With potential blizzard conditions forecast this week and frigid temperatures likely, the Harford County Health Department urges residents to take all necessary precautions to avoid serious health and safety concerns.
"Taking extra measures to prevent exposure to colder temperatures makes a difference between enjoyment of winter activities and serious injury or even death," Harford Health Officer Susan Kelly said in a statement. "Prolonged exposure to the cold can drain your strength and rob you of the ability to make sound judgments regarding your health and safety. Preparedness is crucial but does not need to be expensive."
Even with warmer temperatures earlier this winter, the state's first hypothermia deaths already have been reported, Kelly's department noted.
Cold temperatures can cause a person's body to lose heat faster than it is produced, causing hypothermia, or a dangerously low body temperature. Symptoms include shivering, exhaustion, confusion, fumbling hands, memory loss, slurred speech and drowsiness. The danger increases when individuals become wet. Babies with hypothermia have bright red, cold skin and very low energy.
Frostbite, another cold-weather concern, refers to damage caused when body tissue becomes frozen. This can occur any time skin temperature gets much below 32 degrees. Areas of the body most likely to freeze are toes, fingers, ears, cheeks and the tip of the nose.
Health officials say the people at greatest risk for both conditions are those with impaired circulation - the elderly, the very young and anyone who remains in cold conditions for prolonged periods, whether outside or indoors. Individuals experiencing any of these symptoms should seek prompt medical attention.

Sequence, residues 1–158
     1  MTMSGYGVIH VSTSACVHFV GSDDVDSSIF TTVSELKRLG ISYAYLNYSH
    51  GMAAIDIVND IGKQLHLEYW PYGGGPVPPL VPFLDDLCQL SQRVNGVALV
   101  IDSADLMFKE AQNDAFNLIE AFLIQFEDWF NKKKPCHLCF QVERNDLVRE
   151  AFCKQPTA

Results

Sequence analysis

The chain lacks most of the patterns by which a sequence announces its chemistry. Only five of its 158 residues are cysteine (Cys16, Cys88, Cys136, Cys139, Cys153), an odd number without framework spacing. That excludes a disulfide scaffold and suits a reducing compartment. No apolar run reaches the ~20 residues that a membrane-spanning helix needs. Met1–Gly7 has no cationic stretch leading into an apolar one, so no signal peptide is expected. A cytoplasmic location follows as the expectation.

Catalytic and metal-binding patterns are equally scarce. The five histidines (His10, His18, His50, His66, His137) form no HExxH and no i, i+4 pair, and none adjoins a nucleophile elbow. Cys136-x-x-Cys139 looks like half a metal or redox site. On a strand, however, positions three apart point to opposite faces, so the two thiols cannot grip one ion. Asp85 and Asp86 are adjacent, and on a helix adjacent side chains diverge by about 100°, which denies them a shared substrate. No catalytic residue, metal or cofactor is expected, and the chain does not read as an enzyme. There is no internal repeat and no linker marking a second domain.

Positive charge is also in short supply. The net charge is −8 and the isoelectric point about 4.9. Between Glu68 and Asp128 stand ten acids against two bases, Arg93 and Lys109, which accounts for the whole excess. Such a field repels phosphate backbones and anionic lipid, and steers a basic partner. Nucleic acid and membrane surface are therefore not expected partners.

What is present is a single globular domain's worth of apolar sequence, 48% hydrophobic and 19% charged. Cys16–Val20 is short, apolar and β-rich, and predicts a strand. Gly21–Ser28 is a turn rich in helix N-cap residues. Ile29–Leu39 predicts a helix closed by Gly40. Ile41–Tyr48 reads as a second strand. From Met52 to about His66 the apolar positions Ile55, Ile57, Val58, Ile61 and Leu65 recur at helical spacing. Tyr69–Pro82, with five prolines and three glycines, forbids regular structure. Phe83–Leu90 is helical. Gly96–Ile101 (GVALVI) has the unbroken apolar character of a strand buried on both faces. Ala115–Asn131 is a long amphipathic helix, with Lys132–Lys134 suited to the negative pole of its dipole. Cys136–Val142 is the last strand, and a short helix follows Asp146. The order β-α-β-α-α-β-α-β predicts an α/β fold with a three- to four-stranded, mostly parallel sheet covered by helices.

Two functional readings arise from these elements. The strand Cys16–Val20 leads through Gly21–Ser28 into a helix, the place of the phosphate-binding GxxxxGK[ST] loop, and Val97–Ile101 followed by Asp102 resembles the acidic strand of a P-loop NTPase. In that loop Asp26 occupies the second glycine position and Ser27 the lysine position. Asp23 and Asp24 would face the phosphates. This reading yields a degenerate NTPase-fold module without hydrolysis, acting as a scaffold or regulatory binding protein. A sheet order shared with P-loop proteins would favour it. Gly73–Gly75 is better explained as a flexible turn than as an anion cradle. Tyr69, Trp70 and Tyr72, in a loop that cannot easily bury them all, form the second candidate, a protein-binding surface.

According to the National Weather Service, temperatures in the mid- to upper 20s are expected during this weekend's snowstorm.
The Health Department recommends the following for dressing to stay warm and to remain safe:
Dress In Layers:
• Wear a base layer of "wicking" fabric that keeps your skin dry and prevents a clammy feeling.
• Wear an insulating layer such as a vest or shirt made of fleece or wool.
• When outdoors, add an outer layer that is windproof and water-resistant.
• Wear briefs made of synthetic fabric, preferably nylon or polyester since cotton-blended fabrics hold moisture and do not dry quickly.
• Wear tights, winter-weight hose or long thermals made of silk or polypropylene when temperatures are below 30 degrees Fahrenheit or when windy.
Keep Hands and Feet Warm
• Wear thermal mittens or gloves.
• Wear boots or shoes that are waterproof, have a flexible sole and that do not pinch your feet.
• Consider wearing a hiking sock offering a wicking polypropylene liner underneath a wool over-sock and be careful not to wear sox so padded and bulky that they crowd your toes in your shoes, cutting off circulation.
Protect head, eyes, lips, skin
• Wear hats, hoods and scarfs that can be used to cover your mouth and nose to prevent warmth leaving the body from the head.
• Wear sunglasses that will protect eyes from wind and sun glare.
• Use lip balm, skin lotion and sunscreen to protect your skin from chapping and sun damage.
The Health Department also urges families to review emergency preparedness and communications plans and to have emergency supply kits in their homes and vehicles.
Each family member should know what to do and how to contact others should an emergency arise.
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Home emergency supply kits should include unexpired food items, bottled drinking water, medical supplies and batteries. Vehicles should contain items such as heavy blankets, water, nonperishable food, a flashlight and a snow shovel. More information on emergency preparedness is available at http://preparedness.dhmh.maryland.gov.